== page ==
‘Ride The Ducks’ boats struck by huge waves on Table Rock Lake
Jennie Carr had only been on the Branson Belle Showboat a couple of minutes Thursday night when she gravitated toward the windows and the white-capped water below.
As the waves got higher and water rougher, with the clouds growing darker, she started recording the scene.
“I’m like, ‘Oooh, check the water out,’ ” Carr told The Star on Friday. “I’ve never seen a lake look like that, it was what I would think the ocean would look like, with the white caps.
“I was just videoing the water and then looked to the left and I was like, ‘Oh my God!’ ”
There in the lake, struggling to move through the waves, was a “Ride the Ducks” boat. Then another one not far away.
The two small tourist boats bobbed in the churning water, with one of them clearly having more trouble than the other.
Carr, of Joplin, kept recording, never imagining what would happen in the next 10 to 15 minutes. Or that her video would go viral, giving the country a firsthand view of the Table Rock Lake tragedy that killed 17 people, including some children, and injuring many others.
Thursday was Carr’s first time on the Branson Belle, a two-hour dinner cruise that takes passengers around the lake in nostalgic riverboat fashion. It was the 15th wedding anniversary for Carr and her husband, Jeff, and they were there to celebrate.
The couple got on the boat around 7:05 p.m. for a cruise set to begin at 8. Once she saw the duck boats in the water, her mind raced.
“I’m like, ‘Why would you even be out there,’ ” Carr said she thought at the time. “You could see the storm coming. It was clear as day.”
She and her husband had been looking at radar on their phones. Being from Joplin, and surviving the deadly EF5 tornado in May 2011, the pair pays attention to the weather. They knew there was a severe thunderstorm warning in effect, but because their cruise didn’t start until 8, they figured they would be OK.
The National Weather Service in Springfield had issued a severe thunderstorm warning at 6:32 p.m. The warning, which wasn’t set to expire until 7:30 p.m., included a possibility of extreme winds in excess of 60 mph and mentioned the Table Rock Lake area specifically.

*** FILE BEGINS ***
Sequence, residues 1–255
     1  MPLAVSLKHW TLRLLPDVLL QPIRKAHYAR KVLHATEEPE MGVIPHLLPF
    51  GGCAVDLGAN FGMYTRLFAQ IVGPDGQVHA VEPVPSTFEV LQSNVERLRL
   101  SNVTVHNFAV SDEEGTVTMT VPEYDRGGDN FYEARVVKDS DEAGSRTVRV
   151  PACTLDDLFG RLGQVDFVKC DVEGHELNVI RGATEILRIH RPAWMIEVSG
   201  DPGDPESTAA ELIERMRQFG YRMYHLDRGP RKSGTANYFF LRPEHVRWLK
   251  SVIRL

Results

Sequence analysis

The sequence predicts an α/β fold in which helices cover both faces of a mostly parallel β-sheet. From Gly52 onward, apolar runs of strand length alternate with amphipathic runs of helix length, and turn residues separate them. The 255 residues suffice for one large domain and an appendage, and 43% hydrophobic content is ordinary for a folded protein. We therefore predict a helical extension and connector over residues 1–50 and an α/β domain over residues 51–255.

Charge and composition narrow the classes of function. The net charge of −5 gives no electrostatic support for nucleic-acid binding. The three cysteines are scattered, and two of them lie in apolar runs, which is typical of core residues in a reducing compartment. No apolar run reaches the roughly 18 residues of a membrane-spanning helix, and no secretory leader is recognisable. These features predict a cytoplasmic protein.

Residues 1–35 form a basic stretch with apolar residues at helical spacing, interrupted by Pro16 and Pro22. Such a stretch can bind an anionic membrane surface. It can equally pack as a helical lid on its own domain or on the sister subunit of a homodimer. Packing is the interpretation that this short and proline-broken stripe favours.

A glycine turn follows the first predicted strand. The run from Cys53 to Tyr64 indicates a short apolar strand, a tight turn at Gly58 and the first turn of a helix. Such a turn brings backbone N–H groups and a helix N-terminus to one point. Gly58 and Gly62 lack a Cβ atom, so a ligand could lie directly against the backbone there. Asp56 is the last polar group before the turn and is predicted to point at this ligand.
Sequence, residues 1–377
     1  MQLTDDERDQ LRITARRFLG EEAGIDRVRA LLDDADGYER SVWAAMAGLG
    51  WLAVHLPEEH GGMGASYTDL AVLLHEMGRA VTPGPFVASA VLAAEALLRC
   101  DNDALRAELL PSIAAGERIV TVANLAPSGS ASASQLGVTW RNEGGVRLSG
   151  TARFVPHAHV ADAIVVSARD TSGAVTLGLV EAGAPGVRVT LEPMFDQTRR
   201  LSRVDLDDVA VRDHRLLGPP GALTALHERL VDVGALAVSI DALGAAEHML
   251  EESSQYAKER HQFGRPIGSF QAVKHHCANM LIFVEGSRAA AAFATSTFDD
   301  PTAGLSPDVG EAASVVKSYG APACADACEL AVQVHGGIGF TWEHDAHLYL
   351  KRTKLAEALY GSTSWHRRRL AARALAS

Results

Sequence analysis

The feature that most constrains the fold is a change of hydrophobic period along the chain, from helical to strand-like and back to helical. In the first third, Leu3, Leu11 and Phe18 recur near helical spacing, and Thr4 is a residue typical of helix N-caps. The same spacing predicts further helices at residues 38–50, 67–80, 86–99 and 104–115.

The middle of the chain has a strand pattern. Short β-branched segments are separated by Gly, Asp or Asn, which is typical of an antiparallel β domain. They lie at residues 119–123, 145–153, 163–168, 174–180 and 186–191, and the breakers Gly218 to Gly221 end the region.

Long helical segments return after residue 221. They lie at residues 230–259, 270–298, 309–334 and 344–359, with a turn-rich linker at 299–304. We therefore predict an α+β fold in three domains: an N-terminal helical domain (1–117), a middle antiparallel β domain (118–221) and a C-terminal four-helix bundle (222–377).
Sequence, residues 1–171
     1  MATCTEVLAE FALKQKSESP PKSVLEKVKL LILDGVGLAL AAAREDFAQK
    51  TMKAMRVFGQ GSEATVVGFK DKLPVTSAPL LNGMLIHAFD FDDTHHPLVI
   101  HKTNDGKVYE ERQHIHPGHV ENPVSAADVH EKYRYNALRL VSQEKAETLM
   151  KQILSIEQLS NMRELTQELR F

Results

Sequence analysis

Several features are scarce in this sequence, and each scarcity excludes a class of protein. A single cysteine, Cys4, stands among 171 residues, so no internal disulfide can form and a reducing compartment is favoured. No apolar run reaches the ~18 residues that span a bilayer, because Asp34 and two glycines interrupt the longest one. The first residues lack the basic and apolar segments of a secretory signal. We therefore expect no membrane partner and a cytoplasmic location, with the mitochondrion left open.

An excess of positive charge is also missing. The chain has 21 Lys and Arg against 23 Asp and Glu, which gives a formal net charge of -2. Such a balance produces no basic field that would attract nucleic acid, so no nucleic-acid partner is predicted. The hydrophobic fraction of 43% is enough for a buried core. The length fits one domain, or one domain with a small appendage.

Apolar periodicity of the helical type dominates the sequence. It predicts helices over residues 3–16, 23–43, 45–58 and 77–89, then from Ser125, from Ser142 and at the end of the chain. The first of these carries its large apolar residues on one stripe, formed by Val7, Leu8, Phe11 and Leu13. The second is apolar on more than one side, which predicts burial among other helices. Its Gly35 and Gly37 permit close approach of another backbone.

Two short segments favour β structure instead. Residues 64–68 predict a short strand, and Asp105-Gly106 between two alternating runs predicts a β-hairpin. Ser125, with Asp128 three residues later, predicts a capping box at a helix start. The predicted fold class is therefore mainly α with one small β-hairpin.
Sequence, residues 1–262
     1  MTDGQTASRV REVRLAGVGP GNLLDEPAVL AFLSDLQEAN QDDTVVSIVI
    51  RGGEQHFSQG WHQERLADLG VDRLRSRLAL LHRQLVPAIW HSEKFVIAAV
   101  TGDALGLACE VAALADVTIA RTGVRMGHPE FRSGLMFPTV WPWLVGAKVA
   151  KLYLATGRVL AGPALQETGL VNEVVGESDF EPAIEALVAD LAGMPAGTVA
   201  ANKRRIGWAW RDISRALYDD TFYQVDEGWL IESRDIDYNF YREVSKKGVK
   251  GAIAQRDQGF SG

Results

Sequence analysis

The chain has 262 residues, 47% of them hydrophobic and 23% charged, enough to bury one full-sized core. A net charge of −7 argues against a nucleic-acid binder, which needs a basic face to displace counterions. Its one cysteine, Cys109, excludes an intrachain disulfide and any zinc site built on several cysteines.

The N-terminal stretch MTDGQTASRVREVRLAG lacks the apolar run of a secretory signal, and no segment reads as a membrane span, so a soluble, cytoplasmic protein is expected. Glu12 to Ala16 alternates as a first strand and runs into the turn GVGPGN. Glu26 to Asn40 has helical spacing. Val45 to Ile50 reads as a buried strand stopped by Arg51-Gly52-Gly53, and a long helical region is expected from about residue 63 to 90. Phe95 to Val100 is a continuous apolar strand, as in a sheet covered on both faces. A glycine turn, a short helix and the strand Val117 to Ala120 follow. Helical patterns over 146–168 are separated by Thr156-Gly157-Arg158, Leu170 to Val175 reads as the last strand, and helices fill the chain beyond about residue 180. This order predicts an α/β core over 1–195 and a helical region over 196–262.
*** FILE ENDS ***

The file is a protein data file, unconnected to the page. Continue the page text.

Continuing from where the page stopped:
Because the Belle was docked, its passengers paid attention to the duck boats.
“You just knew, you could see, the one boat was having trouble,” Carr said. “We were all calm, but we all kind of knew what was going to happen.
“The more everybody on my boat got on the boat, they were coming to the window and looking out,” Carr said.
Everyone was shocked that two tourist boats were out in a storm that had been predicted.
“It was sad, there was nothing none of us could do,” she said. “People were calling family members, I called my daughter.”
At one point, Carr began to pray.
Oh Lord, please help those people. Be with them. Please let them be OK.
One crew member on the Branson Belle appeared to try to ease everyone’s fears by assuring passengers: “It’s OK, those boats are made for this. They can handle it, they can handle it.”
Carr admits a day later she was struggling with how to feel. As she spoke, she was sitting in a parked pickup truck alone trying to process what she’d seen 17 hours before.
“It’s hitting me now,” she said, her voice breaking.
She said she’s been attacked on social media for her video. She said she’s been called mean names and asked why she didn’t try to help instead of recording the incident.
She reiterated that there was nothing that the people on the Branson Belle could do at the point she was videotaping. One of the crew members tried to call 911 several times and couldn’t get through initially. The Belle’s captain also was calling for help.
The hateful comments were hard to take, she said.
“You can say you would do this, and you would do that,” Carr said. “But when push comes to shove and it actually happens, you don’t know what you’re going to do. Your emotions take over.”
Carr admits she’s thankful she could no longer see the boat at one point and didn’t see the last few minutes. Her video cuts off as the duck boat begins to take on too much water.
“I think if I would have seen the boat sink that probably would have been more tragic for me,” Carr said. “I didn’t want to see all those people lose their lives. I know there were kids on that boat.”